Why Is Saudi Arabia Bickering With The U.S.? : Parallels The U.S. and Saudi Arabia are close allies, and when there's a problem, it's usually handled quietly. But in a rare display of public anger, the Saudis are expressing their strong opposition to U.S. policies toward Syria and Iran.

Why Is Saudi Arabia Bickering With The U.S.?

Why Is Saudi Arabia Bickering With The U.S.?

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Saudi Arabia's intelligence chief, Prince Bandar bin Sultan, told diplomats this week that the kingdom would cut back on its cooperation with the U.S. It's upset with U.S. policies in Syria and Iran. Nikolsky Alexei/Itar-Tass /Landov hide caption

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Nikolsky Alexei/Itar-Tass /Landov

Over the past few weeks, Saudi Arabia has been sending unmistakable diplomatic signals that it is upset with the U.S. and its policies toward Syria and Iran.

The Saudis have canceled a speech at the United Nations and rejected a prestigious seat on the Security Council. They have called in European diplomats in the Saudi capital, Riyadh, so the intelligence chief could tell them he was cutting cooperation with the U.S.

The unusually blunt message is primarily about the war in Syria, says Abdel Aziz Aluwaisheg, the assistant secretary-general of the Gulf Cooperation Council.

"Killing 100,000 people by conventional weapons is important and has to be dealt with the same sense of urgency as the chemical weapons issue," he says, referring to the death toll in the Syrian civil war.

The chemical weapons issue erupted in August after an attack on a Damascus neighborhood. President Obama threatened military strikes, but at the last minute, opted for diplomacy. The administration's U-turn infuriated the Saudis, says Saudi specialist Gregory Gause.

"The Saudis felt that we pulled the rug out from under them and they felt the United States wasn't following through on what it implicitly promised to do," says Gause, a University of Vermont professor who also works in the Middle East.

In the Saudi view, instead of weakening Syria's President Bashar Assad, the Americans gave him a lifeline and effectively supported his continued rule, at least until the chemical weapons deal is done. In contrast, the Saudi policy is clear: They want Assad out, the sooner the better.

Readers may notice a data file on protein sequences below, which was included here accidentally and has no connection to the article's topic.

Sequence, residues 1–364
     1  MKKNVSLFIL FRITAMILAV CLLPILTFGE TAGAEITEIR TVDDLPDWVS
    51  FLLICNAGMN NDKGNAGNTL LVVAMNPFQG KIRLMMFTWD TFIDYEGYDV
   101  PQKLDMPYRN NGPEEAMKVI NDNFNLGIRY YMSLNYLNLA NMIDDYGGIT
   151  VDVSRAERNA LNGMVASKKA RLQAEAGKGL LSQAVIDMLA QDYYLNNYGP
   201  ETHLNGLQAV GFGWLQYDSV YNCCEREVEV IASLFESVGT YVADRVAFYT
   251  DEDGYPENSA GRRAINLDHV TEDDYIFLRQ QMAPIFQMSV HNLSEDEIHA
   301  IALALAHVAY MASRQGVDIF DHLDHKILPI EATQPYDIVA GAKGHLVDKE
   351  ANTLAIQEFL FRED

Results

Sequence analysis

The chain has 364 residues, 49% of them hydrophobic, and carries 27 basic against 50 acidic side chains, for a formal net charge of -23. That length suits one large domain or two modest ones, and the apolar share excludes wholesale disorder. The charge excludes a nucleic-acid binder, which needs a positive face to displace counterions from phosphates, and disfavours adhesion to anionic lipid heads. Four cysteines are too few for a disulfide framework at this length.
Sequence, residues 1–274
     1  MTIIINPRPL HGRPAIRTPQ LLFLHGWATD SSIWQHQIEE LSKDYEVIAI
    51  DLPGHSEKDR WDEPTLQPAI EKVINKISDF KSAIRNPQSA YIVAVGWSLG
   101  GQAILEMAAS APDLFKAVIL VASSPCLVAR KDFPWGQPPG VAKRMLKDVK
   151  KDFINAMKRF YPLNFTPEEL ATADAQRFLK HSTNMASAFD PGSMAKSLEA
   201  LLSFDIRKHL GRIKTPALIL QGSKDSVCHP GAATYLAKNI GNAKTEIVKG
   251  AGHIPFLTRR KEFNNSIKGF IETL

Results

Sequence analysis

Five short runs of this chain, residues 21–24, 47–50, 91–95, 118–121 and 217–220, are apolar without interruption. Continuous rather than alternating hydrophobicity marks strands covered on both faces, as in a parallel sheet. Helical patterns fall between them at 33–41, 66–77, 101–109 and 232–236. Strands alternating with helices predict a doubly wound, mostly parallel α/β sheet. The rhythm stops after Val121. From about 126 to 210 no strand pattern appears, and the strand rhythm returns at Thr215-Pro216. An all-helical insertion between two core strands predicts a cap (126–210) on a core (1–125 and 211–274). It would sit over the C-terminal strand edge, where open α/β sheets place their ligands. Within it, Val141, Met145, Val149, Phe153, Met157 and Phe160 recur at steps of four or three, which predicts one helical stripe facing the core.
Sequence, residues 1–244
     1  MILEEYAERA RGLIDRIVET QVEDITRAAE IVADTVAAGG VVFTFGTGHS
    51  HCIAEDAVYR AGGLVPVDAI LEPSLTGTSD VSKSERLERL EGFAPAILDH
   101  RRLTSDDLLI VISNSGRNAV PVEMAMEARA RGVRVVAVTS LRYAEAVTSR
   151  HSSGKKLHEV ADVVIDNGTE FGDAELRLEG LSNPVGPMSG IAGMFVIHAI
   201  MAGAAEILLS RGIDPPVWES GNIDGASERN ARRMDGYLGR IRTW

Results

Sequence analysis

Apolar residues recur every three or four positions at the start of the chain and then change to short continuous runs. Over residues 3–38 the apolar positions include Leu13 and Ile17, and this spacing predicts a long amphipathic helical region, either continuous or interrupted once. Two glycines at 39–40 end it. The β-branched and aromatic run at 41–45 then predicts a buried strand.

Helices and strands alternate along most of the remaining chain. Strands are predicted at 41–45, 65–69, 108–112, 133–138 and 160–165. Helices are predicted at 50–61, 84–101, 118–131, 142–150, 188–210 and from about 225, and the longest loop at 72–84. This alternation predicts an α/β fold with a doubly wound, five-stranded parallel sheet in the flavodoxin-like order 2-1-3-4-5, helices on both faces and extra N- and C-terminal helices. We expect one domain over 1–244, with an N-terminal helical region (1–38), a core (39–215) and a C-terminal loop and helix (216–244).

"Syria is more important to them than it is to us," Gause says.

U.S. Acknowledges Tensions

Secretary of State John Kerry acknowledged the friction over Syria and Washington's outreach to Iran.

"We know that the Saudis were obviously disappointed that the strike [against Syria] didn't take place, and they have questions about some of the other things that may be happening in the region," Kerry said.

For the Saudis, the war in Syria is part of a larger regional contest within a set of alliances. The Syrians are backed by Iran, the Saudi rival for influence in the region. The fight against Assad is also a strike against Iran.

"Syria is the best chance that they've had in 10 years to roll back Iranian influence, and if the Saudis can bring about a regime change in Syria, it's a big blow to Iranian influence in the Arab world," Gause notes.

Secretary of State John Kerry, shown in Jeddah, Saudi Arabia in June, has acknowledged the recent tensions between the U.S. and Saudi Arabia, two countries that are normally close allies. Jacquelyn Martin/AP hide caption

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Jacquelyn Martin/AP

Secretary of State John Kerry, shown in Jeddah, Saudi Arabia in June, has acknowledged the recent tensions between the U.S. and Saudi Arabia, two countries that are normally close allies.

Jacquelyn Martin/AP

Funding Syrian Rebels

Saudi frustration with U.S. policy had already led to moves not coordinated with the U.S. One example is on the battlefield in Syria.

"We saw just a couple of weeks ago, the formation of a new front of Syrian rebels, called the Syrian Islamic Army," Grause says, "and the Saudis seem to be the driving force behind that."

The Saudis continue to support the Free Syrian Army, the rebel group that is also backed by Washington. But the Obama administration has hedged on supplying weapons for the FSA, fearing those weapons could wind up with al-Qaida-linked groups. So the Saudis are funding and arming a force on their own.

This new rebel formation appears to be a Saudi project to counter the appeal of extremists, says Aaron Zelin at the Washington Institute for Near East Policy.

"In the Saudi conception of things, this group is considered a moderate alternative, though I would think that many in the West might consider otherwise," Zelin says. "They are obviously not extremists, but they are obviously not secular nationalists either."

He says the Saudis are placing more emphasis on what's happening on the battlefield than on the negotiations to end the conflict in Syria. The Saudis have backed the diplomatic process, which includes talks planned for next month in Geneva. But Aluwaisheg says they are not counting on results.

"They don't think you should put all your eggs in the Geneva basket considering the regime you are dealing with," he says.

Aluwaisheg says it's unlikely that Assad will agree to negotiate his departure to make way for a transitional government.

And the latest Syrian developments come at a time when the U.S. is looking at the possibility of rebuilding ties with Iran, Assad's closest ally.

Gause says this has raised Saudi fears that any warming of U.S.-Iranian relations will come at the expense of the Saudis. It's a fear, he says, that is misplaced.

"The thing that the Saudis and the other smaller Gulf states exaggerate is the fear that the United States is just going to sell them out to Iran," Gause says. "American interests in the Gulf region are not to have a power like Iran dominate the region."